Monthly Archives: November 2016

FAI : The Road To Surgery

I want to share my story with others trying to learn about FAI and arthroscopic surgery.  However, I think there will be some advantage to walking through the steps so that I have the same confidence in my decision that I made in September.  

It started in the chiropractors office.  My chiropractor took x-rays of my lower back and hips.  She decided that she didn’t like something in the x-rays so she sent me over to MK Orthopadics to see the hip specialist. It turns out that whatever she thought she saw in the x-rays was nothing at all. But, I’m glad she sent me because Dr. Komamduri replicated my pain without even thinking hard about it.  He showed me the X-rays and explained what FAI is.  What the X-rays couldn’t show is the state of the labrum. We’d have to do an MRI with contrast dye to find out if the labrum was torn. 

Within a couple of days, Dr. Komanduri’s office had me back for an MRI of my hips.   Each hip was done separately.  So it took about 4 hours total.

 Never having this done before I was naive about the process. The contrast dye is injected into the hip. I don’t know why but I thought that would be done through the fatty part of my hip. Instead, they inject the dye, after a numbing agent, through the groin directly into the hip joint. Duh, I know, but I’ve never thought  much about anatomy.  In the process of getting the dye into the hip, the PA hit a nerve that sent a sharp pain down the front of my thigh. It wasn’t so bad on the right hip but she had trouble finding the mark on the left hip, so,  she went across the nerve several times and caused several tears to fall. She had to pull out the needle and try a second time.  She gave me more numbing agent so the second time I ended up not feeling a thing.  In addition to the dye, they shoot saline into the joint to expand it for better MRI views.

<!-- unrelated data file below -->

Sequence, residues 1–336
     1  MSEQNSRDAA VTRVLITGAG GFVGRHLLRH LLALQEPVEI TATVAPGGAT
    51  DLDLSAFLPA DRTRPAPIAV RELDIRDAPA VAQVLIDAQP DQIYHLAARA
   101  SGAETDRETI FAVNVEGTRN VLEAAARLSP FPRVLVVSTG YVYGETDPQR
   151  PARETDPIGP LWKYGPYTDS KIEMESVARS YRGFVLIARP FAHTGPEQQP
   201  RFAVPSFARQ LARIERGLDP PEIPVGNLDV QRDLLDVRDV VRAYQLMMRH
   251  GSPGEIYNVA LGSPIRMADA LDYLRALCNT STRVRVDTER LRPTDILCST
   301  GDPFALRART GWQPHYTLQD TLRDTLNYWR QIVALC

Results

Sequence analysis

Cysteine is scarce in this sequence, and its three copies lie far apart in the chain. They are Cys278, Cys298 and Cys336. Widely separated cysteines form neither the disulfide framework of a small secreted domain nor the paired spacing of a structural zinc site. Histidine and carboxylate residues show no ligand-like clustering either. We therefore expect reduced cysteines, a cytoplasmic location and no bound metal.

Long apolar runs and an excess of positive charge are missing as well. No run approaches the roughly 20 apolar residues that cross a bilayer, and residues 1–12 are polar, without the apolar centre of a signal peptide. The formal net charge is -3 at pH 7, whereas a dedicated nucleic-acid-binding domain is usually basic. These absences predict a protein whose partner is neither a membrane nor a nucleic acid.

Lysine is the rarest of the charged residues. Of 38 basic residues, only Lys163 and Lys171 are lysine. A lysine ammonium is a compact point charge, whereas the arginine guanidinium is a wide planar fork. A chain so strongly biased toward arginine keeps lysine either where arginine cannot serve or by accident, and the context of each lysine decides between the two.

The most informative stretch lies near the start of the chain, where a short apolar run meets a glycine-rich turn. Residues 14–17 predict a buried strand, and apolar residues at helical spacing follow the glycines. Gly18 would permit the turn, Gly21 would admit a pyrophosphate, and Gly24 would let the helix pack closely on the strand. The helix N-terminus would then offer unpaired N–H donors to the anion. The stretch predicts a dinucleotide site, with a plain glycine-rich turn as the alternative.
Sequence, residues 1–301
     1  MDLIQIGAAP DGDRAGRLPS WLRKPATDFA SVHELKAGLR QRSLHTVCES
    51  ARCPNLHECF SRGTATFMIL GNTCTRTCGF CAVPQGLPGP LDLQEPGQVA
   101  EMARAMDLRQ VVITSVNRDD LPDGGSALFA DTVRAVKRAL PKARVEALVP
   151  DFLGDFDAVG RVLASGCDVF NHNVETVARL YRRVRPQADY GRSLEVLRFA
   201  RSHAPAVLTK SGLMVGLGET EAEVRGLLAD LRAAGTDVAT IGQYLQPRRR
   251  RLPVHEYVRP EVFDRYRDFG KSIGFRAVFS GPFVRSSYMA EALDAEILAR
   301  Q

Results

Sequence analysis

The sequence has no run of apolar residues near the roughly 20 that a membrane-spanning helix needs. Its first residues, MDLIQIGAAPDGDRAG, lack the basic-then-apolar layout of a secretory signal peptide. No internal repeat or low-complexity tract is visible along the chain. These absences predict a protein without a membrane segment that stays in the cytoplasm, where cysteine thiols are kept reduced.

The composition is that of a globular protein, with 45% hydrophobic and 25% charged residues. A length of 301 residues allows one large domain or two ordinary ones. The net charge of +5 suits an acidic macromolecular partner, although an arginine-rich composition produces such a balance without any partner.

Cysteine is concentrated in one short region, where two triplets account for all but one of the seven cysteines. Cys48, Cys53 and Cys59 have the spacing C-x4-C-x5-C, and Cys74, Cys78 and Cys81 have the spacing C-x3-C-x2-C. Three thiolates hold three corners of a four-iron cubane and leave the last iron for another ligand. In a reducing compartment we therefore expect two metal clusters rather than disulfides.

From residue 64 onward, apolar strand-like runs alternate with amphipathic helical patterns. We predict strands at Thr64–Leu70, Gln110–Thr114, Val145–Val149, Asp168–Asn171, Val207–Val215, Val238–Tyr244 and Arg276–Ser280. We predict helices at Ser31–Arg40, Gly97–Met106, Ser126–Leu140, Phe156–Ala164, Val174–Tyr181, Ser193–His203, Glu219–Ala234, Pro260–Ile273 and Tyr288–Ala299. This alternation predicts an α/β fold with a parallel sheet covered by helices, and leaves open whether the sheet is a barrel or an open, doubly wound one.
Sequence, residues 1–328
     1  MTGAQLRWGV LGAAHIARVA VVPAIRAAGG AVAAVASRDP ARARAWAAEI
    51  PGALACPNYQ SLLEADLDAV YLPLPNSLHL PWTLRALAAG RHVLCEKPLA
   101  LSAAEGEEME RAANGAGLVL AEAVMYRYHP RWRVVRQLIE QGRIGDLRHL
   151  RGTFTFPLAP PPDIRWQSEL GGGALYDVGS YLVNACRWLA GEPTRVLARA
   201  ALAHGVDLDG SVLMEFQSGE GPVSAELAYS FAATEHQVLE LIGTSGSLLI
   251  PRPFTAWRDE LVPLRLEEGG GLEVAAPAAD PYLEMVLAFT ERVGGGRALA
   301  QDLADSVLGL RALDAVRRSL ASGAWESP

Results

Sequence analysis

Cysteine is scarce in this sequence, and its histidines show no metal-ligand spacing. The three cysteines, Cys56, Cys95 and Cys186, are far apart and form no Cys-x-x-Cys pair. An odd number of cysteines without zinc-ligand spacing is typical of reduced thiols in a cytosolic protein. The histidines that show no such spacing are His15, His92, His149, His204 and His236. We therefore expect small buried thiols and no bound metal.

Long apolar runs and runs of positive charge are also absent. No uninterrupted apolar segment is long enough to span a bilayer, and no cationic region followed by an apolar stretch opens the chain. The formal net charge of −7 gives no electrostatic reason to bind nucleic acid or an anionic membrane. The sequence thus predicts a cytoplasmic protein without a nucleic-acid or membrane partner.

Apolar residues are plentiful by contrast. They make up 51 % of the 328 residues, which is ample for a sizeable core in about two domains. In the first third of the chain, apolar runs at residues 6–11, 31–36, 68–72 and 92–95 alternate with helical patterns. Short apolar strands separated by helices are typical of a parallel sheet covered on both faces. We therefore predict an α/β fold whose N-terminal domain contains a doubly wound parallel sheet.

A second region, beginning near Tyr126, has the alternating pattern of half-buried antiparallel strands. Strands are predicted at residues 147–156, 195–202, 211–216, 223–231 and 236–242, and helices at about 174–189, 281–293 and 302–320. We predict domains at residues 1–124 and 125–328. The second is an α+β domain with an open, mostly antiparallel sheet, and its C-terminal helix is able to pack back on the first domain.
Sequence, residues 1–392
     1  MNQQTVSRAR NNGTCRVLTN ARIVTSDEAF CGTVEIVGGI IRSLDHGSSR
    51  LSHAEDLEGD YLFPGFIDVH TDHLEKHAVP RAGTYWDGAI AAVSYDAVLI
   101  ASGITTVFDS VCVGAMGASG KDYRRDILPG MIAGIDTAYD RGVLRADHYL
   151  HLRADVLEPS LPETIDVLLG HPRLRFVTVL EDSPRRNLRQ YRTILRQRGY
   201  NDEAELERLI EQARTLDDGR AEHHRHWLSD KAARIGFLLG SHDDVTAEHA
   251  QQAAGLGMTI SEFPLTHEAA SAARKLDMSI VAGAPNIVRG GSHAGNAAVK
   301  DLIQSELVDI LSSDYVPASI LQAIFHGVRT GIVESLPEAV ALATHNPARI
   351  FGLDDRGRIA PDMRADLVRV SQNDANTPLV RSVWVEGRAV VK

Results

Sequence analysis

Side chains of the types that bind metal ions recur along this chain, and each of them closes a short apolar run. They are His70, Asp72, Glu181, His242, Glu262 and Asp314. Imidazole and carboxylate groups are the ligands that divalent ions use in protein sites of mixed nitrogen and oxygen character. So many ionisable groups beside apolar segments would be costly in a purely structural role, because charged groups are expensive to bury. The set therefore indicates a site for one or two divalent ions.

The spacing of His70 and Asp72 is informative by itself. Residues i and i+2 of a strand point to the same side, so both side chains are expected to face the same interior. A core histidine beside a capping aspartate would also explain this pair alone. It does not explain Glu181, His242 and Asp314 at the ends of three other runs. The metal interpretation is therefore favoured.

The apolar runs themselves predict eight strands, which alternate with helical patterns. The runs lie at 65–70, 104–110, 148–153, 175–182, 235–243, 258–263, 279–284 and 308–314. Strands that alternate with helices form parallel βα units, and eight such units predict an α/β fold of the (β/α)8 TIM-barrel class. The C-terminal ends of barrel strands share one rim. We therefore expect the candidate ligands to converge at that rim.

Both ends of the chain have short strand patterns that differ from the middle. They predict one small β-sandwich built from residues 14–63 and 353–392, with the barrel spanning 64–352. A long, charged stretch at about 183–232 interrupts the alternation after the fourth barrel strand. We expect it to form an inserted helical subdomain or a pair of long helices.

The injections are done in a sterile room.  After removing the needle, she put a band-aid over it and said, “I just put a hole directly in your joint.  Leave this on for 24 hours.” followed by a direct look that warned me not to screw this up.

Walking over to the MRI with my expanded hip was no problem.  Laying on the MRI table for an hour at a time was a big problem for me. FAI patients commonly have SI joint pain (high buttocks /lower back). I was packed into the MRI machine pretty tightly so there wasn’t anyway to get relief until it was all done. 

When I scheduled the MRI, I asked if I would be able to drive myself home. The boys had a bunch of after school activities, so,  I didn’t have my husband come with me. Yes, technically, I was not drugged. Between the pain of the saline and contrast dye and the stiffness from laying on the table for several hours, I would have preferred to have been able to sit in the car with having to worry about driving. As it was, I stood outside my car for several minutes on the brink of breaking down from the thought of getting into a car. Quite fortunately, my pain receded quickly.  Still in pain, I was able to drive home. Within 2 hours, things felt normal for me again.  

A few days later, Dr. Komanduri reviewed the MRI pictures showing a labrum tear on both sides. We discussed that surgery would be necessary to shave off the extra bone causing the impingement then he would reattach the labrum.  Since I hadn’t attempted any treatment specifically for my groin pain, we decided that I should try physical therapy as conservative treatment to see if it alleviated the pain and for insurance sake.